“The Dubai residential mortgage market is still in its early stage of development and has not been through a proper credit cycle so people are not sure how things would work out if anything went wrong,” said Salim Nathoo, a partner at Allen & Overy.
UAE CMBS 1, via HSBC, was the first publicly rated CMBS deal from the region, although in this case the deal was not Shariah compliant. "Depending on investor appetite CMBS issuance out of Dubai has substantial potential," said Jaime Sanz, head of emerging markets at Fitch. "Demand for office space is huge and rents increased constantly over the past periods. New constructions are not yet making up the difference, leaving companies sometimes desperately seeking space to rent."
It is a similar story in Latin American countries such as Mexico, which still suffer from an acute housing deficit. Fueled by a government initiative to provide homes for low income families, Mexico mortgage lenders, known as Sofoles, provide an almost bottomless pool of mortgages. Sofoles have been increasingly looking to diversify their funding base as the government mortgage insurance agency SHF is phasing out its support.
The volume of RMBS issuance in Mexico during first seven months of this year is already 240% higher than 2006 overall, according to S&P. Until the end of July, US$4.1bn new mortgage-backed securities had been issued in Mexico, against US$1.7bn overall last year. Volumes are expected to grow further as banks have also started to securitise their mortgage pools.
HSBC and Banorte got the ball rolling earlier this year. Their move whetted the appetite of BBVA Bancomer, which commands over 60% of the mortgages held by retail banks in Mexico and is now mulling a similar deal.
If the current pace of issuance continues, RMBS issuance in Mexico could reach US$10bn a year by 2010. So far, issuance has met strong demand in local markets from pension funds and insurers. But analysts predict a pick-up in cross-border issuance, since there is only so much Mexican institutional investors can absorb.
Su Casita and Metrofinanciera have already broken ground in the international markets. Bankers are now awaiting a global RMBS by Infonavit, the government-sponsored mortgage lender. The quasi-sovereign is expected to issue a US$250m RegS/144A deal later this year or early 2008.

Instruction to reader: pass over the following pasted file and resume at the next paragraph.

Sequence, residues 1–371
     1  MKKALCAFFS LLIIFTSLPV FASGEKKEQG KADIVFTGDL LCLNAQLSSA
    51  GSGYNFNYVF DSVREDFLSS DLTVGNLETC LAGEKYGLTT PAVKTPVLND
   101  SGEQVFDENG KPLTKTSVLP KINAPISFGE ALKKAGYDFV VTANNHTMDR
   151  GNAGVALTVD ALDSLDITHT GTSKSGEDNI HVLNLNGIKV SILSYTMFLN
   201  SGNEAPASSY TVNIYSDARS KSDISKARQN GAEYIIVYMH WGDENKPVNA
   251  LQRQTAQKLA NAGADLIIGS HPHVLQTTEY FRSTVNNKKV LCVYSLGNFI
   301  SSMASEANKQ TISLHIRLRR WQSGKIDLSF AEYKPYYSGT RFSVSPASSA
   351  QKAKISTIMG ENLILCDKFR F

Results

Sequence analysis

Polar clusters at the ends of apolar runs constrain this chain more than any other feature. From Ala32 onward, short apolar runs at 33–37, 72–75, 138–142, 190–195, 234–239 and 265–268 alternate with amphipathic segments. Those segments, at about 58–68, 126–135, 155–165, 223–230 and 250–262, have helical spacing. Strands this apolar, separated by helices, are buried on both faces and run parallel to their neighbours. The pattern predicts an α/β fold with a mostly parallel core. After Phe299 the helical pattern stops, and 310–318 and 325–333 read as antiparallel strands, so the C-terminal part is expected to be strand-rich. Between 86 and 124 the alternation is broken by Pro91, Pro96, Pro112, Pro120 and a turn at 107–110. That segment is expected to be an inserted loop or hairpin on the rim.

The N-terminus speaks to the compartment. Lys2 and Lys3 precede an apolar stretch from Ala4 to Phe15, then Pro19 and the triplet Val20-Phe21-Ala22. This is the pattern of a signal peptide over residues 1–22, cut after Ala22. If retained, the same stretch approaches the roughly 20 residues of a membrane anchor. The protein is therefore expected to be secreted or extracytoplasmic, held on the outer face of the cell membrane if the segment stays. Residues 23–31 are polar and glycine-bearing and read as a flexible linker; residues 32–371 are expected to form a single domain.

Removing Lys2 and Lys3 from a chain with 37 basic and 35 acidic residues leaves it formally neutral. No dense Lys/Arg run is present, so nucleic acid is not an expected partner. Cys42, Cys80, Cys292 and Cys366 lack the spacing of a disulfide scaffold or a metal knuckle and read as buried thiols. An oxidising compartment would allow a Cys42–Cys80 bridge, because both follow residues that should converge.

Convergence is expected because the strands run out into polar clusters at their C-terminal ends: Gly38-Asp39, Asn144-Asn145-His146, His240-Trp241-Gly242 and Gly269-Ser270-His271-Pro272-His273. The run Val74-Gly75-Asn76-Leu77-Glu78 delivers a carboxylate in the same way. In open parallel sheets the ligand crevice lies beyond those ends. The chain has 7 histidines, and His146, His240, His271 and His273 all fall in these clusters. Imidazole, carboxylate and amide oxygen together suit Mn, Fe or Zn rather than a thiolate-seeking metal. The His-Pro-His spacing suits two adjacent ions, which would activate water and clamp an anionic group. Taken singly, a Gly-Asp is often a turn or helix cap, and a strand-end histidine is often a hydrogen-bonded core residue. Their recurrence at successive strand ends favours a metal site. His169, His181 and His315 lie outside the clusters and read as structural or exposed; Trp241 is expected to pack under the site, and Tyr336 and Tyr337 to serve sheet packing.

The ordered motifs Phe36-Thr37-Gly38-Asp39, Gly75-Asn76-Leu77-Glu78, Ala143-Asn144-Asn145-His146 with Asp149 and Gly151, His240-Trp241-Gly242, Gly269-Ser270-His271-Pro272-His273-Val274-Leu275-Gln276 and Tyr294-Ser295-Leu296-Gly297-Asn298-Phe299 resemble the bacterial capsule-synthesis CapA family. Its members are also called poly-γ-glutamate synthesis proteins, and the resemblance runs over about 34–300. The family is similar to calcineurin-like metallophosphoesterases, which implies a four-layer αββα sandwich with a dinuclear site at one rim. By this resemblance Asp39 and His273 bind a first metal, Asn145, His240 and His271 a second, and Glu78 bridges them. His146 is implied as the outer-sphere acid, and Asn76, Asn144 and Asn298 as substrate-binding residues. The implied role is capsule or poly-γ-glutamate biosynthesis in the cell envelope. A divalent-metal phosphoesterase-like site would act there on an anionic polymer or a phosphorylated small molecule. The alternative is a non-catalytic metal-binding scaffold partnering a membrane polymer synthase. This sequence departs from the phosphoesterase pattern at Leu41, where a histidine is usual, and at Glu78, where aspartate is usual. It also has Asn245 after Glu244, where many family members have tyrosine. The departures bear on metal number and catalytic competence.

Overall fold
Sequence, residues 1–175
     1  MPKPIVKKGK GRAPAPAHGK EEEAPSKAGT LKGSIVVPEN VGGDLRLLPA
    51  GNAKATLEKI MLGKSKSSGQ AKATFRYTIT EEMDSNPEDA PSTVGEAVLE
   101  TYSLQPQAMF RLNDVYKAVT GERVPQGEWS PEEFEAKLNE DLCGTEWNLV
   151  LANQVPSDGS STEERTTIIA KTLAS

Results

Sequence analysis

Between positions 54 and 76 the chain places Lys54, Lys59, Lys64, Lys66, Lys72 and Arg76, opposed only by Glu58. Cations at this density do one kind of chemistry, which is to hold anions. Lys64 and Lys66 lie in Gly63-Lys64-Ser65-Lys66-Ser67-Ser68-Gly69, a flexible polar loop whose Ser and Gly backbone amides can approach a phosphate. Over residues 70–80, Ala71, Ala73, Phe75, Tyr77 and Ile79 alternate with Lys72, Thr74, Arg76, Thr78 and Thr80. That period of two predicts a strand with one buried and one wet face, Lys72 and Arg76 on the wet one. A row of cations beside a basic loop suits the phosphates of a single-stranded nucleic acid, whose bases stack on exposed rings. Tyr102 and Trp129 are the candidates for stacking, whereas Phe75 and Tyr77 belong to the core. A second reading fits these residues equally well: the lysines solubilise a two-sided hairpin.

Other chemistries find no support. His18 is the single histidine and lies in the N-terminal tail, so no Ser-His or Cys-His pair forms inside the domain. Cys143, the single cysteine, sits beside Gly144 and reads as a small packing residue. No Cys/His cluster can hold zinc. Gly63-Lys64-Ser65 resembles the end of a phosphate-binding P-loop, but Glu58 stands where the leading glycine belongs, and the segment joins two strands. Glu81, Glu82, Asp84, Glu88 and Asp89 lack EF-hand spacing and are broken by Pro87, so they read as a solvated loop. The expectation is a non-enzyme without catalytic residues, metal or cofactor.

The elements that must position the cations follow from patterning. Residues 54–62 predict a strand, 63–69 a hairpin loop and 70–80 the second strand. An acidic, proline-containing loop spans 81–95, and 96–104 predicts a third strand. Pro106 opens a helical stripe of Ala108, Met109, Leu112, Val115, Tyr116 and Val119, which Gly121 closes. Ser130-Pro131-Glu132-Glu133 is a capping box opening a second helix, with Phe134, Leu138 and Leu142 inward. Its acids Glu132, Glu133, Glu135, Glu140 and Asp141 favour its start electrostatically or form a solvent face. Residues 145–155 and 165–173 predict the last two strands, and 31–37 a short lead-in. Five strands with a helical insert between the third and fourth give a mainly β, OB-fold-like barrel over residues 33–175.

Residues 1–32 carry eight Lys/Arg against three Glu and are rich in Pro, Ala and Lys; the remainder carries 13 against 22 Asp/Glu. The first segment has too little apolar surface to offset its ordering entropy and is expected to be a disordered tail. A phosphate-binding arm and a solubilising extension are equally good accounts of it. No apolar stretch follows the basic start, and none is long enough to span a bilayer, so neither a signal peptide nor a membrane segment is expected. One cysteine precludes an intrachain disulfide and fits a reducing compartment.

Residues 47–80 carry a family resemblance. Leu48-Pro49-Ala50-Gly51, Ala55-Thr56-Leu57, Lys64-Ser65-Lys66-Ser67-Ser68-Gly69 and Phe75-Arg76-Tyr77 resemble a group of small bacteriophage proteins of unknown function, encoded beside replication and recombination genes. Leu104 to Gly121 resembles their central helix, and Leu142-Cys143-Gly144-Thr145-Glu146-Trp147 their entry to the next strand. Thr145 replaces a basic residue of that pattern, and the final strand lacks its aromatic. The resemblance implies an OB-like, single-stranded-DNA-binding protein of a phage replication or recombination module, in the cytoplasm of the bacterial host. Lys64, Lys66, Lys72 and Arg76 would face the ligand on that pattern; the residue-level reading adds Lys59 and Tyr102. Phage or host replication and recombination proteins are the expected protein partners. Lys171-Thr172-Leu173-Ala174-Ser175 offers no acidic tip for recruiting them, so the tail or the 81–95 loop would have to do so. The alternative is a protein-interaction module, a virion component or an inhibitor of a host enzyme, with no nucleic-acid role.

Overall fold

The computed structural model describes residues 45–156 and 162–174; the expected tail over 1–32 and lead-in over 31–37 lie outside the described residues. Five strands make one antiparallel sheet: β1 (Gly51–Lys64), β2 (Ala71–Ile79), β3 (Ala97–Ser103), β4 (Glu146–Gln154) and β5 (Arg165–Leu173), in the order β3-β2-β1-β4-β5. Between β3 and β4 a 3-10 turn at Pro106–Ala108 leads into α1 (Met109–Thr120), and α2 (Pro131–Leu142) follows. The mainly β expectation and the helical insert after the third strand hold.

Infonavit accounts for 37% of the RMBS issuance in Mexico. While the agency will have to brave sub-prime fears, it is expected to tout the differences between mortgage loans in Mexico and the US. In Mexico, for example, most loans are insured by the SHF and require a 20% minimum down payment.
Mexican bankers have shown themselves to be particularly creative on the ABS front. They have securitised everything from bond holdings to ship and sport clubs receivables.
In Brazil the securitisation market got a boost with the creation of the FIDC in 2001, which provided a legal framework for ABS securities. However, the asset class did not take off until about 2004, since it had to weather first the market turmoil caused by Argentina's default and then the handover of power to leftist president Luiz Inacio Lula da Silva.
ABS issuance in Brazil jumped from R$1.5bn (US$805m) in 2003 to R$12.8bn last year. This year the pace has slowed down, with total approved and completed deals having reached only R$7.9bn, but the prospects for the asset class continue to be promising.
Brazil's RMBS market is also on the cusp of a boom. State-owned lender Caixa Economica Federal is expected to come out soon with a R$2bn RMBS offer, setting the stage for other retail banks to start tapping a market which, until recently was almost exclusively dominated by a couple of securitisation companies. Bankers believe seven to 10 banks a year will need at least R$1bn each in 2008. By 2010, this total is expected to rise to R$50bn.
This could boost a market that has suffered at the hands of the CVM, the local securities regulator. CVM recently required companies to count ABS funds as debt and not equity on balance sheets.
If events in Chile and Colombia are any sort of gauge, Brazil's ABS could be severely hurt by the new regulation. Both countries saw securitisation deal flow halt almost completely after local regulators implemented similar rules. Despite a largely positive outlook, the road ahead is not necessarily smooth given the untested legal frameworks of these relatively new markets.
“In emerging market transactions there is always a limited amount of information, and people have to learn as they go along," said Fitch's Sanz. "However these markets are developing along wise lines and are taking sensible steps.”